With borders shut, planes grounded and hotels closed – travel marketers are facing challenging times. While many hotels and airlines are trying to fill the void with bland, interchangeable videos reminding people that they will travel again (sorry, not sorry) or more productively pushing a CSR driven message during the COVID-19 enforced travel restrictions – perhaps instead this might be a good time to revaluate current strategy and look ahead to what they could be doing when the travel industry recovers. 

Travel marketing has become somewhat homogenised over the past few years, which to me is strange given how much more adventurous people seem to be with their travel choices. Hotels specifically have been playing it safe for years with regards to their messaging, especially when it comes to social. 

Have you ever taken the time to look really closely at hotel advertisements, especially 5* resorts and brands? Let’s just take a moment to have a think about one specific hotel advert you’ve seen on Instagram…..keep going…..got one….nope? Exactly! This is the point I’m trying to make, ultimately hotel brand creative tends to focus on one of two things – product, as in the hotel itself or destination. Ultimately, these are both generic by design because most hotels want to put their best food forwards however they forget that the average consumer isn’t going to be able to tell the difference between two hotels pools on the same stretch of beach….unless they look very closely. Take Dubai for example, let’s be honest if I showed you pictures of 10 different swimming pools – could you tell me which hotel group they belong to?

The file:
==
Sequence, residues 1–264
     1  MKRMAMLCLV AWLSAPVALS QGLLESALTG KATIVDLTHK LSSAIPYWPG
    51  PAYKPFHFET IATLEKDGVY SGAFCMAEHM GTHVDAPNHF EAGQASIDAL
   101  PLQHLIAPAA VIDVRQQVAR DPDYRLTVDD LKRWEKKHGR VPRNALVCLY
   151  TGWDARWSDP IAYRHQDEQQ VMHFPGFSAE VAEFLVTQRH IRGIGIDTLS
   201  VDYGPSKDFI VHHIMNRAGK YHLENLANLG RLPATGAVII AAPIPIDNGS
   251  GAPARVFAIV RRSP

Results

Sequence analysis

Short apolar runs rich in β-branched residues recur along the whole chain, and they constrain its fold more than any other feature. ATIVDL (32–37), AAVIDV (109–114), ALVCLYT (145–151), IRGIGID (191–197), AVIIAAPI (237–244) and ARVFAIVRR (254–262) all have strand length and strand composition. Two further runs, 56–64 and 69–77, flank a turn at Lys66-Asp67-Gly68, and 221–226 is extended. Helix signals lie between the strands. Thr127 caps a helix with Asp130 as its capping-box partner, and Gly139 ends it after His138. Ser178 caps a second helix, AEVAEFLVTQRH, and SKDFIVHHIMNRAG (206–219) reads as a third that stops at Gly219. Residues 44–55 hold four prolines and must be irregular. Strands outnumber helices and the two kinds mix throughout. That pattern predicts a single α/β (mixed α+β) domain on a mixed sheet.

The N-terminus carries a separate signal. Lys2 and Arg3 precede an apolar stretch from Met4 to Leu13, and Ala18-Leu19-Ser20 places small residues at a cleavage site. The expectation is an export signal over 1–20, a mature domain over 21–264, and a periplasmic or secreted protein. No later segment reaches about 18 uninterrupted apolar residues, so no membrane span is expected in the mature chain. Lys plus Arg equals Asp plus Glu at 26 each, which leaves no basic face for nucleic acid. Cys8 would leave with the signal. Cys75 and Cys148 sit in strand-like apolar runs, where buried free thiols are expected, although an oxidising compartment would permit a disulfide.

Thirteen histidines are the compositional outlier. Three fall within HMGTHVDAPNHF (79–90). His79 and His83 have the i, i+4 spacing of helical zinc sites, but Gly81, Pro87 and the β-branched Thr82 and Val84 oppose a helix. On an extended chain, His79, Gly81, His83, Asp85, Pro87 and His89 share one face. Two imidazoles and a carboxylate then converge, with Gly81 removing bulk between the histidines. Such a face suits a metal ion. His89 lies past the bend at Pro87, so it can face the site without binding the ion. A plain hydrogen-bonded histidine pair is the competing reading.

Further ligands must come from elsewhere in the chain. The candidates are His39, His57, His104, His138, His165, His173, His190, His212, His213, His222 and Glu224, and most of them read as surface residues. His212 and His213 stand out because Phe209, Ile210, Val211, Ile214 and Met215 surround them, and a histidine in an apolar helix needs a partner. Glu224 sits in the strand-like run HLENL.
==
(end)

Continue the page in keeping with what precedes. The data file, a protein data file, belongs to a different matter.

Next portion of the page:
I’m not exactly sure when this apparent lack of creativity took hold or indeed why travel brands feel they don’t need to try and innovate any longer, but instead approach social media marketing as a box ticking exercise with more emphasis being put literally on just having a social media presence rather than curating and creating meaningful content that resonates with people. 

Every week for the last year I seem to be reading another article explaining to me what TikTok is, I won’t go into it in too much detail but if you are interested – here is great guide. Personally I found it much easier to just download the app and start messing around on it. I’m 37 and honestly I’m quite set in my ways – that’s not to say I don’t enjoy new things however I am very much a creature of habit…I use FB, Instagram, You Tube and Twitter….then beyond these I have a select number of websites I visit daily – that’s my routine. However, I’m not ashamed of saying that TikTok has rapidly moved to the top of list because it just so much fun…I can easily waste 10 minutes watching prank videos or cats doing dumb stuff. 

Putting my travel hat back on though (I’m imagining a fedora), TikTok does present some unique challenges to travel marketers which I fear could just become immovable obstacles over time. This is especially true of hotels and airlines who traditionally shy away from UGC, especially as the influencer marketing is coming under more heavy fire for its effectiveness and authenticity.